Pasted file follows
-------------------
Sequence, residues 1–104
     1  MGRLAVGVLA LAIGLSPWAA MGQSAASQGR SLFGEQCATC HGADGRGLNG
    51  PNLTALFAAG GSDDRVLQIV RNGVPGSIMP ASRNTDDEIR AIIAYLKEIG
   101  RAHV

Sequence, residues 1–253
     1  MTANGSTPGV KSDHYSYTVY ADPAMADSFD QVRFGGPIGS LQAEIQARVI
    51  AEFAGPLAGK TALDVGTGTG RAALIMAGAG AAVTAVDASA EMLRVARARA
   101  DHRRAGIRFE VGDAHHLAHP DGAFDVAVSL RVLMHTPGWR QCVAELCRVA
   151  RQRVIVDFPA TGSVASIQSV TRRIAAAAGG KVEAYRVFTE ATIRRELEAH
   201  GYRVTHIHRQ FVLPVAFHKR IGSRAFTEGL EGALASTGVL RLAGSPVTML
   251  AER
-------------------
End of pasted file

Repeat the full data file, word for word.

Sequence, residues 1–104
     1  MGRLAVGVLA LAIGLSPWAA MGQSAASQGR SLFGEQCATC HGADGRGLNG
    51  PNLTALFAAG GSDDRVLQIV RNGVPGSIMP ASRNTDDEIR AIIAYLKEIG
   101  RAHV

Sequence, residues 1–253
     1  MTANGSTPGV KSDHYSYTVY ADPAMADSFD QVRFGGPIGS LQAEIQARVI
    51  AEFAGPLAGK TALDVGTGTG RAALIMAGAG AAVTAVDASA EMLRVARARA
   101  DHRRAGIRFE VGDAHHLAHP DGAFDVAVSL RVLMHTPGWR QCVAELCRVA
   151  RQRVIVDFPA TGSVASIQSV TRRIAAAAGG KVEAYRVFTE ATIRRELEAH
   201  GYRVTHIHRQ FVLPVAFHKR IGSRAFTEGL EGALASTGVL RLAGSPVTML
   251  AER